A. Philip Randolph Statue
Interesting information about the large status in the Back Bay station
In the Back Bay Station, near the ticket counter, is a larger than life-size statue of A. Philip Randolph.
Brief Background About A. Philip Randolph
Asa Philip Randolph (April 15, 1889 - May 16, 1979) was a civil rights organizer. In 1925, he organized several Harlem railroad sleeping car porters into the Brotherhood of Sleeping Car Porters. It became the first black union to be recognized by the American Federation of Labor.
He directed several marches on Washington, including the famous 1963 march with Martin Luther King Jr where he delivers the famous "I Have a dream speech."
You can learn a lot more about A. Philip Randolph life on the A. Philip Randolph Institute Website. There is also a short video of A. Philip Randolph on YouTube.
Fun Facts about the Statue
Here are some fun facts that I found about this statue:
Statue was Commissioned in 1986.
Statue was unveiled on Saturday, October 8, 1988 - as part of the redesign of the Back Bay station. In attendance was Transportation Secretary Frederick P. Salvucci, James F O'Leary general manager of the MBTA, Norman Hill president of the A. Philip Randolph Institute, Richard Womack director of the civil rights program of the AFL-CIO. Also present was John Dukakis the governor's son. At least 400 people were at the ceremony.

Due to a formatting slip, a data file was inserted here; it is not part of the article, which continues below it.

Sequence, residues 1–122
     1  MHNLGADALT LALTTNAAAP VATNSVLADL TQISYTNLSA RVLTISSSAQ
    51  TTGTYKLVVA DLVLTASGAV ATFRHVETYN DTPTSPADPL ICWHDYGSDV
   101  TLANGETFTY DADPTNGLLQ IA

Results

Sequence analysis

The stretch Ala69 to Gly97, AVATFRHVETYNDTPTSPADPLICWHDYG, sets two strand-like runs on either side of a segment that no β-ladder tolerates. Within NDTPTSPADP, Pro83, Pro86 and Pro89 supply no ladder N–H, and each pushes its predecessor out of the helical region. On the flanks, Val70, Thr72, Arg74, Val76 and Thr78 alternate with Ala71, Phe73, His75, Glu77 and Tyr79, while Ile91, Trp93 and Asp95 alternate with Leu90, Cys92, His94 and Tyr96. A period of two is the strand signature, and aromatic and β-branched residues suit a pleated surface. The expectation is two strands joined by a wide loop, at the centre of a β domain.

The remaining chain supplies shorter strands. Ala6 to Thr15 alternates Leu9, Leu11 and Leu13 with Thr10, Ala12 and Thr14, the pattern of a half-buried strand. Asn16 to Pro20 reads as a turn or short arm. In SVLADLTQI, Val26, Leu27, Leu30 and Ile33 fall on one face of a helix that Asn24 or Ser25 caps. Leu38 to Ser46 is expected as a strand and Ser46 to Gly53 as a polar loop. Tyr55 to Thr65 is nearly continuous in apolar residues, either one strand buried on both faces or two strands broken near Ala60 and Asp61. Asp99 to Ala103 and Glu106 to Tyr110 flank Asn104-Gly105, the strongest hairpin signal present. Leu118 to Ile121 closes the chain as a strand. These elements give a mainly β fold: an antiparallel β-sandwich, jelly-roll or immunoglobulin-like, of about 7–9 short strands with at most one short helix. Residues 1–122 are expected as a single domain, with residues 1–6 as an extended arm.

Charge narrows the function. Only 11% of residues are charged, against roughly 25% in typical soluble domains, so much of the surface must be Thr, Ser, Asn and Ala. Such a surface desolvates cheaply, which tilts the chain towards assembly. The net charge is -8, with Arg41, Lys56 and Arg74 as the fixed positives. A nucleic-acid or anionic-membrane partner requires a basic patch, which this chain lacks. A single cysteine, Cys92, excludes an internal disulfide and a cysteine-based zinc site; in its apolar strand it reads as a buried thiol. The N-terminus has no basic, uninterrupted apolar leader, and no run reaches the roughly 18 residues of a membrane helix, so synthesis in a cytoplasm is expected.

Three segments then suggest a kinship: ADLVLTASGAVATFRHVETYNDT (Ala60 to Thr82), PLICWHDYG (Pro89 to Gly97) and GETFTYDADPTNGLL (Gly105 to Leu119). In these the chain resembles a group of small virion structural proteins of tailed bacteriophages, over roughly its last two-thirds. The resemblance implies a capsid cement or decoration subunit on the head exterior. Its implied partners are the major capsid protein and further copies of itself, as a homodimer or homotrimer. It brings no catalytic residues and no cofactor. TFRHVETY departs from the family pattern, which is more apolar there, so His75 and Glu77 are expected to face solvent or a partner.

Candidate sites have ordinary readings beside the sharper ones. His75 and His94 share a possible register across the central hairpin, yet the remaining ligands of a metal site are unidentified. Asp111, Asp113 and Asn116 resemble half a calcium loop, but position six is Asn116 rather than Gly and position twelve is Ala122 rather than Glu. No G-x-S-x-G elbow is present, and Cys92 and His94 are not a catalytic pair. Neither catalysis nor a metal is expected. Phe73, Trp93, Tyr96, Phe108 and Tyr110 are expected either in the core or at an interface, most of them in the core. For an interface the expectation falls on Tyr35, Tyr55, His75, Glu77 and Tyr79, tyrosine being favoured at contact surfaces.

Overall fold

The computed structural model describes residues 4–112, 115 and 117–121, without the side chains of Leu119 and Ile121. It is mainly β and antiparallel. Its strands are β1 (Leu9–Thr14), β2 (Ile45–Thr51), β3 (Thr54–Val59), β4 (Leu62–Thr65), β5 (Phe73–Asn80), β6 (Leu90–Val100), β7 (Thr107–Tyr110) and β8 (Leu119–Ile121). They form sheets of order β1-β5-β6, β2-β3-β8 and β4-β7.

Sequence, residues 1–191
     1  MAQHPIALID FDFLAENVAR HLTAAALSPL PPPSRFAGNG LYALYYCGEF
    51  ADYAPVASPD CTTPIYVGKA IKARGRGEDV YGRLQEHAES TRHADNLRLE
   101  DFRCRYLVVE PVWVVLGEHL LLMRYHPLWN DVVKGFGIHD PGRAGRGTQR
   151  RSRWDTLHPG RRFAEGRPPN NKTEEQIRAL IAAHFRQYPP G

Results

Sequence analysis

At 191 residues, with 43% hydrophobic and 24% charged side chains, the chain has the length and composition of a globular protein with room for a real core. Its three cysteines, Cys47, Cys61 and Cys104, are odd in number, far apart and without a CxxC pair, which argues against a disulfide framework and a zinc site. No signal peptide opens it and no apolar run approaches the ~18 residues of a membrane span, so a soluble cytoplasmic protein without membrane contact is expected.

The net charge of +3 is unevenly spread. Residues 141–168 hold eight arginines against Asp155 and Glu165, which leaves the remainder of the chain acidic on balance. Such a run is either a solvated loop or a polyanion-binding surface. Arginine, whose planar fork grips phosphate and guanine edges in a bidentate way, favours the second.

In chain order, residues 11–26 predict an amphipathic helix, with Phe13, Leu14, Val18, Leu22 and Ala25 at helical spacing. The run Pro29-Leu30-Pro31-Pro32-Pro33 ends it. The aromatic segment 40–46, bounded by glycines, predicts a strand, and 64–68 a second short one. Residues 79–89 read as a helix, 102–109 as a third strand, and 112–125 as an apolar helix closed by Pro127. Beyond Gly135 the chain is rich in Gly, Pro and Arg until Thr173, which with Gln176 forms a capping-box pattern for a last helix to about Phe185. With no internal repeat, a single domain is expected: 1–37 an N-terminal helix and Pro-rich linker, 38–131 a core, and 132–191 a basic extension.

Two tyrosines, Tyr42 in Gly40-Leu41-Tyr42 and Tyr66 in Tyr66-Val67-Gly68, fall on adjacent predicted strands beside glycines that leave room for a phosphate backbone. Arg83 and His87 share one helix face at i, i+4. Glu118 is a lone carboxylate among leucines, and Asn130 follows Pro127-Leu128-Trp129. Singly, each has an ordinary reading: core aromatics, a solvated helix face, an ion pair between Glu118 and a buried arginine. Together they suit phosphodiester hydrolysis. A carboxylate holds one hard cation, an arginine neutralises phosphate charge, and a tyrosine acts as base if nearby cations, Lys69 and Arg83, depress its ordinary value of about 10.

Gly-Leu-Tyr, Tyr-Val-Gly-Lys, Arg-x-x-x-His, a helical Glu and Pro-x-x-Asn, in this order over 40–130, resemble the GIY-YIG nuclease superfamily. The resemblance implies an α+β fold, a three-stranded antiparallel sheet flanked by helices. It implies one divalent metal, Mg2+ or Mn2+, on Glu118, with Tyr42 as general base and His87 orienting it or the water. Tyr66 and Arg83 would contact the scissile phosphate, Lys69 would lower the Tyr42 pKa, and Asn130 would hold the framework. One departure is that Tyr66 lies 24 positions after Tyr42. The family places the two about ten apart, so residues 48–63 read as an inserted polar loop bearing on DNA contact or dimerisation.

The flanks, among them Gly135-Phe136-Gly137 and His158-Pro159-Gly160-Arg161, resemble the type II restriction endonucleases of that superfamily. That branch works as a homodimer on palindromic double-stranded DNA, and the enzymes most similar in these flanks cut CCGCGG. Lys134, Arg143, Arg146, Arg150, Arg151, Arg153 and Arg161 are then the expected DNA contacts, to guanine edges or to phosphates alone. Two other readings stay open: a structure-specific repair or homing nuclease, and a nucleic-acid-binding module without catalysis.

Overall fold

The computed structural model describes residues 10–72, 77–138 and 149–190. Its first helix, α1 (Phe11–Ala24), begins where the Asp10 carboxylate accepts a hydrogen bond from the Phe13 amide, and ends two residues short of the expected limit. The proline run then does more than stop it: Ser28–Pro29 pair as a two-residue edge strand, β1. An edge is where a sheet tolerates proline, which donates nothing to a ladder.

23 retired members of the Brotherhood of Sleeping Car Porters were also in attendance.
Governor Michael Dukakis wasn't able to attend the ceremony as he was running for President of the United States.
In October 1987, Governor Michael Dukakis dedicated a station on the Orange Line to A. Philip Randolph.
Back Bay station was select for the statue because many of the early members of the Brotherhood of Sleeping Car Porters settled in the area.
The entire waiting area is named after A. Philip Randolph. The purpose is to turn the space from a waiting room into an education room.
The statue was done by Tina Allen. This was her first project. You can see her signature on the pants fold on the shoe that is touching the ground.
Text at the Base of the Statue
At the base of the statue is the following text, this is a bit hard to read since over the years, people have been sitting on the words.
Salvation for a race, nation, or class must come from within. Freedom is never granted; it is won. Justice is never given; it is exacted. Freedom and justice must be struggled for by the oppressed of all lands and races, and the struggle must be continuous, for freedom is never a final fact, but a continuing evolving process to higher and higher levels of human, social, economic, political and religious relationships.